“One-hundred percent of the senior technical and program leaders are men,” the employees wrote, bashing the Blue Origin workforce for being “mostly male and overwhelmingly white.”Read More
Father’s Day inspires mixed emotions for many of us. Looking at advertisements of happy families could recall difficult memories and broken relationships for some. But for others, the day could invite unbidden nostalgic thoughts of parents who have long since died.
As a scholar of ancient Greek poetry, I find myself reflecting on two of the most powerful paternal moments in Greek literature. At the end of Homer’s classic poem, “The Iliad,” Priam, the king of Troy, begs his son’s killer, Achilles, to return the body of Hektor, the city’s greatest warrior, for burial. Once Achilles puts aside his famous rage and agrees, the two weep together before sharing a meal, Priam lamenting the loss of his son while Achilles contemplates that he will never see his own father again.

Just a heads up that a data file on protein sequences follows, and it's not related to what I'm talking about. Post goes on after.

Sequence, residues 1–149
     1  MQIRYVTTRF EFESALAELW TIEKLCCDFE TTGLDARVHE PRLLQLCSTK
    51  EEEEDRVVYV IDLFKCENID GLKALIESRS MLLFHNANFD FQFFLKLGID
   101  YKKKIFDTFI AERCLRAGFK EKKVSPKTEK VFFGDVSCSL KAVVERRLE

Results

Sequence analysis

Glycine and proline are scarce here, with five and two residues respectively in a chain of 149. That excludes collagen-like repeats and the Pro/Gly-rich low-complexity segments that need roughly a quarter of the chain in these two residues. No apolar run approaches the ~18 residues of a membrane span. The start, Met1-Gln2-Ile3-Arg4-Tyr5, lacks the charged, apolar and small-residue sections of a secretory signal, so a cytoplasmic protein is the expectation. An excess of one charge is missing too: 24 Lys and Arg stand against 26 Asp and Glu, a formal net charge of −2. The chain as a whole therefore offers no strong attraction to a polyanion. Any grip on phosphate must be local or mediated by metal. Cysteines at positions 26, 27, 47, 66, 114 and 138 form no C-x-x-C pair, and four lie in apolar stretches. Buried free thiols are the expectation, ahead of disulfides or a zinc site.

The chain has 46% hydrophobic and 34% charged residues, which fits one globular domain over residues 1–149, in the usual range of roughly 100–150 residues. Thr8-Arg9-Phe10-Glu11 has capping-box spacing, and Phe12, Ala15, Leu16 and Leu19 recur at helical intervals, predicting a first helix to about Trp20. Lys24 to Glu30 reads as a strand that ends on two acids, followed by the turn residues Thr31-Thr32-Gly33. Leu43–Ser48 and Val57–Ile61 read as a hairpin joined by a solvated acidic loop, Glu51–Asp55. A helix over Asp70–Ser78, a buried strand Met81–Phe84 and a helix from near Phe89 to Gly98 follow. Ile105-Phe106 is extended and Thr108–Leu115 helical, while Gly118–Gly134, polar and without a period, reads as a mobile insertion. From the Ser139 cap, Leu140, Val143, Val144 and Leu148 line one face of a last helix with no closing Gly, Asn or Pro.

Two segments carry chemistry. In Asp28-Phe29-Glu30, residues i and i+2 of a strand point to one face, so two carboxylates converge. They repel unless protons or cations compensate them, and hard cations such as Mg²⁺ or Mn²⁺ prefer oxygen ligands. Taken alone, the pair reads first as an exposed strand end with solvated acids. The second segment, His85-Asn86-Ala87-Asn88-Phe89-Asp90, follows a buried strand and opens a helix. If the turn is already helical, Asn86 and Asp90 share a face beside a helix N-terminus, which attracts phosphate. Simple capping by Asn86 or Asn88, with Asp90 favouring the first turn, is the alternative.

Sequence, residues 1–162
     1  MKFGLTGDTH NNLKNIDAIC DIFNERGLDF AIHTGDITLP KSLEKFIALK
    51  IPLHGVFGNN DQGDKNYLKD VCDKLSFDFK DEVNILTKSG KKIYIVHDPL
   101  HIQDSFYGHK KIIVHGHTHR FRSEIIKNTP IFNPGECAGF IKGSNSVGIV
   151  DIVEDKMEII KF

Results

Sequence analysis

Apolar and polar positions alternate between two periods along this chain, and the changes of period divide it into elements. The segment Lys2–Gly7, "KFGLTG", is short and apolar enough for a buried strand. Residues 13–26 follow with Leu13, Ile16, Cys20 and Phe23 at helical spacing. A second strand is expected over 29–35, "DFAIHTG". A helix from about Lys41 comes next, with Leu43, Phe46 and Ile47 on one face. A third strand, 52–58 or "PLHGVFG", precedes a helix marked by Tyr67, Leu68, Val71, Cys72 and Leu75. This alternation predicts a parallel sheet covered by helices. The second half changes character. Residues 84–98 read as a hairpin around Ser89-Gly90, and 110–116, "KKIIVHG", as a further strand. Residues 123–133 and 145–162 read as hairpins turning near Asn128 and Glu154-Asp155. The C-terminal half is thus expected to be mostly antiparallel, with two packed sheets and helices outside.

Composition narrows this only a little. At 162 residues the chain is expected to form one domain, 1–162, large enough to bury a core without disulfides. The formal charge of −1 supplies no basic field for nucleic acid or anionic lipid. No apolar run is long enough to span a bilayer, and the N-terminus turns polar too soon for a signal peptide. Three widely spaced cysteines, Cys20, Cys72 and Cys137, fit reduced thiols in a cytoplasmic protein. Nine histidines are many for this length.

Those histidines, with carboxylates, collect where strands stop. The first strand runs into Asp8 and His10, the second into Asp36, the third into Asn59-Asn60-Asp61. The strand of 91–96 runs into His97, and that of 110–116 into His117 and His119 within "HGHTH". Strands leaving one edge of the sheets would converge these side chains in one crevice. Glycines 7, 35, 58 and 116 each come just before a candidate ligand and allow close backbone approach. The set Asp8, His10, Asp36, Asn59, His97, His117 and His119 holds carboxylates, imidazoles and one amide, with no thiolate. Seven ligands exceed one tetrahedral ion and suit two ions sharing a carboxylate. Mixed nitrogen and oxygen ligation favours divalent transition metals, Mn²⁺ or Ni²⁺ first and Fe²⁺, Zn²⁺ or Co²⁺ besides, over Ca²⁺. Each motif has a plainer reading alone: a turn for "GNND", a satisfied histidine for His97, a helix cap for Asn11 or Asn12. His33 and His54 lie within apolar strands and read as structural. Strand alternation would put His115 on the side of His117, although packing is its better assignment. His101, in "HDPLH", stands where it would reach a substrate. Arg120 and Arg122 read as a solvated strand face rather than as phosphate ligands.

The final book of another Greek classic, “The Odyssey,” brings together a father and son as well. After 10 years of war and as many traveling at sea, Odysseus returns home and goes through a series of reunions, ending with his father, Laertes. When Odysseus meets his father, however, he doesn’t greet him right away. Instead, he pretends to be someone who met Odysseus and lies about his location.Read More
As a candidate, Joe Biden’s number one promise was to “unite” America. Yet in his first months as president, his number one priority has been to divide our country by race and gender at every turn.
There is no clearer example than the Biden administration’s new effort aimed at indoctrinating America’s schoolchildren with some of the most toxic and anti-American theories ever conceived. It is vital for Americans to understand what this initiative would do, what drives it and, most importantly, how we can stop it.